Life Bits

A grab bag of terms floating in the techno-ether.

3 min read

Photo: Brian Stauffer

I've had the pleasure of working with Gordon Bell through the years. He has earned my respect and admiration with accomplishments such as leading the development of Digital Equipment Corp.'s VAX computer and shepherding the Internet at the U.S. National Science Foundation during a critical time in its maturation. Now he has gained a new and unique status in my eyes as the guinea pig in a fascinating experiment at Microsoft Corp.'s Media Presence Research Group in San Francisco, called MyLifeBits. It is an attempt to record digitally everything that Gordon reads, types, and hears, as well as a lot of what he sees.

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Why Functional Programming Should Be the Future of Software Development

It’s hard to learn, but your code will produce fewer nasty surprises

11 min read
A plate of spaghetti made from code
Shira Inbar

You’d expectthe longest and most costly phase in the lifecycle of a software product to be the initial development of the system, when all those great features are first imagined and then created. In fact, the hardest part comes later, during the maintenance phase. That’s when programmers pay the price for the shortcuts they took during development.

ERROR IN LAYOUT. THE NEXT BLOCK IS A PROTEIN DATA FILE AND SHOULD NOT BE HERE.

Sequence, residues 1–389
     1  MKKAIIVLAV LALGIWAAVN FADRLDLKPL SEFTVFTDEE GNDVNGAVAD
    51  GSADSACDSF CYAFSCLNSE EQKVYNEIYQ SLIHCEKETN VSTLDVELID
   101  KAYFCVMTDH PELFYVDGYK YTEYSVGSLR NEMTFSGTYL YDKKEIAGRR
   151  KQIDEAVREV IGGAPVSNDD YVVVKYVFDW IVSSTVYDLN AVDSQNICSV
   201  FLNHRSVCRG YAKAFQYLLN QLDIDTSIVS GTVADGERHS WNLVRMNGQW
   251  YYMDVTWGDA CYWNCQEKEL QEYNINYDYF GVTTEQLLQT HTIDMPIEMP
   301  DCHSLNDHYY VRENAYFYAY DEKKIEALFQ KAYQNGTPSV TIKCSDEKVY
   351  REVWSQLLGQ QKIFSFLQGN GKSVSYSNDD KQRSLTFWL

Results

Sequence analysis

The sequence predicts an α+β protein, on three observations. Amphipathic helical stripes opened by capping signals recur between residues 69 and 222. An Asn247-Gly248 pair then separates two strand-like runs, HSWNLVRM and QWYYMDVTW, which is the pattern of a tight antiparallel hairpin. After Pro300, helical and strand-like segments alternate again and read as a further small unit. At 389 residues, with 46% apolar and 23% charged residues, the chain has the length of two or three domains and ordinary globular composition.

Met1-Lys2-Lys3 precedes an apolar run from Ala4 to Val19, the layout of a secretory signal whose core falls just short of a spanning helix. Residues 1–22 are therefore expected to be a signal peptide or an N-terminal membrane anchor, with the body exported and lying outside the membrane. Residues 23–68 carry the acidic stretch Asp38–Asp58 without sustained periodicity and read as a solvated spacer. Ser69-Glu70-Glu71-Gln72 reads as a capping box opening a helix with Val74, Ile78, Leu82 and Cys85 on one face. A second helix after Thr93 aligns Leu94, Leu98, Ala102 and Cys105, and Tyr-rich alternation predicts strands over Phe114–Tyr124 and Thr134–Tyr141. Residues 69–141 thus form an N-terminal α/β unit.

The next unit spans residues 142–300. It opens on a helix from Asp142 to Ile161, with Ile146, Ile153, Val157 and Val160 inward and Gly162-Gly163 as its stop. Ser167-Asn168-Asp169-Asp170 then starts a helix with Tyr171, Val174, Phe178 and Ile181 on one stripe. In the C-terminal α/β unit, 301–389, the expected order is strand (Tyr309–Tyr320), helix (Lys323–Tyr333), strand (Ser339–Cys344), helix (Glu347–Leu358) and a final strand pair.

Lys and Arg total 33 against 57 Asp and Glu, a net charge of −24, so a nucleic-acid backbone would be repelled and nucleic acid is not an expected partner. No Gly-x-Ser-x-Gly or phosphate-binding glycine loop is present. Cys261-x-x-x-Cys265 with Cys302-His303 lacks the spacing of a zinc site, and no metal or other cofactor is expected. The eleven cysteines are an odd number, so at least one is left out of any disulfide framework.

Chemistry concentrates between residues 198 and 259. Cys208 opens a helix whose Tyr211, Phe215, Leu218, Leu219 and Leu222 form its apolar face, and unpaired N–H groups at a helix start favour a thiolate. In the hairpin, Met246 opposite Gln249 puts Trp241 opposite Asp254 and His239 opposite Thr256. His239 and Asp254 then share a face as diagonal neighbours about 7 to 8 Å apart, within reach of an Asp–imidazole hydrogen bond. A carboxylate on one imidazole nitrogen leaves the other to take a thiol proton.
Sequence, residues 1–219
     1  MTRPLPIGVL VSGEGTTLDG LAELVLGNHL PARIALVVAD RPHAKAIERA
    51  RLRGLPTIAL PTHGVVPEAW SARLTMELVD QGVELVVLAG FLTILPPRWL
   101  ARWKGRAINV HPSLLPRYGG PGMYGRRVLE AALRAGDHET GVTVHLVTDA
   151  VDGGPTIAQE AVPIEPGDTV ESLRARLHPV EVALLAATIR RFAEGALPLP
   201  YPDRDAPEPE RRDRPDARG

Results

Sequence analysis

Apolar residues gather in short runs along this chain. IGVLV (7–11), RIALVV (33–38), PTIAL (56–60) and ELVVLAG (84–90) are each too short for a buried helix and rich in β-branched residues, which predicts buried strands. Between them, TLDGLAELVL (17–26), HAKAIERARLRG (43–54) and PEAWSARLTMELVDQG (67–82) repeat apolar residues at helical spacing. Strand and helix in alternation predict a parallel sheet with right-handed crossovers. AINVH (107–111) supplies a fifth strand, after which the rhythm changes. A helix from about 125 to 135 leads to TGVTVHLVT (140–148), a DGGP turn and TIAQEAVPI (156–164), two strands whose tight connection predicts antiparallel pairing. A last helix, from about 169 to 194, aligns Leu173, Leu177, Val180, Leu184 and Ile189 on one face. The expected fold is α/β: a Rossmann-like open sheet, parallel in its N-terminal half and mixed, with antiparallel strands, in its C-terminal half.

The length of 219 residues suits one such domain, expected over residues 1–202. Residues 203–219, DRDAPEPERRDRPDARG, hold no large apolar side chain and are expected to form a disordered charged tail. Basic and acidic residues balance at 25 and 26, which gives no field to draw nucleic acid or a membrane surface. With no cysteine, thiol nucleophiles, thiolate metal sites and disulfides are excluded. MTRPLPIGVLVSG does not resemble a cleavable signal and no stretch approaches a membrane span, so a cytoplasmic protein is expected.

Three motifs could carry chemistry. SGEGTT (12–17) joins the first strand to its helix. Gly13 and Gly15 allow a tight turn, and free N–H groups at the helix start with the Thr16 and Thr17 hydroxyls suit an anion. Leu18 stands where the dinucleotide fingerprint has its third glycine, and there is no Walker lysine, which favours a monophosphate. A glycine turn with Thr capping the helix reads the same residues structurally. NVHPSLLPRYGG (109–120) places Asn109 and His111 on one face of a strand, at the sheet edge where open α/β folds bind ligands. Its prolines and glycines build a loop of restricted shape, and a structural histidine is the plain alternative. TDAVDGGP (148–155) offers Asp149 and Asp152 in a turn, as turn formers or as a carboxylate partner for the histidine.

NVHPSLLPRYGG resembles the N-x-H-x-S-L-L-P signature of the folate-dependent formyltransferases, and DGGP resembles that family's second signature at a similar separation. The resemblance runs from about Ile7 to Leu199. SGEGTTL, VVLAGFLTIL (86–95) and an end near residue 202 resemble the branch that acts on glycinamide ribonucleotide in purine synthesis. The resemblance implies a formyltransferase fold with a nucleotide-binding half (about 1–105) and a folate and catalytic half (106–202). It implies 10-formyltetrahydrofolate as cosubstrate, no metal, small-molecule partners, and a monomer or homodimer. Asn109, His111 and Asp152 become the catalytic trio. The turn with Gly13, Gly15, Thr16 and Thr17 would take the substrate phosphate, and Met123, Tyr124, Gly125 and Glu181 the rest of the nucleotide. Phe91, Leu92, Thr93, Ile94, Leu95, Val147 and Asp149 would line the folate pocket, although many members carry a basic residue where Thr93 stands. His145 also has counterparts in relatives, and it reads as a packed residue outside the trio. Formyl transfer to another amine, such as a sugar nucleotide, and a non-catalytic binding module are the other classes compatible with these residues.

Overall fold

So why did they take shortcuts? Maybe they didn’t realize that they were cutting any corners. Only when their code was deployed and exercised by a lot of users did its hidden flaws come to light. And maybe the developers were rushed. Time-to-market pressures would almost guarantee that their software will contain more bugs than it would otherwise.

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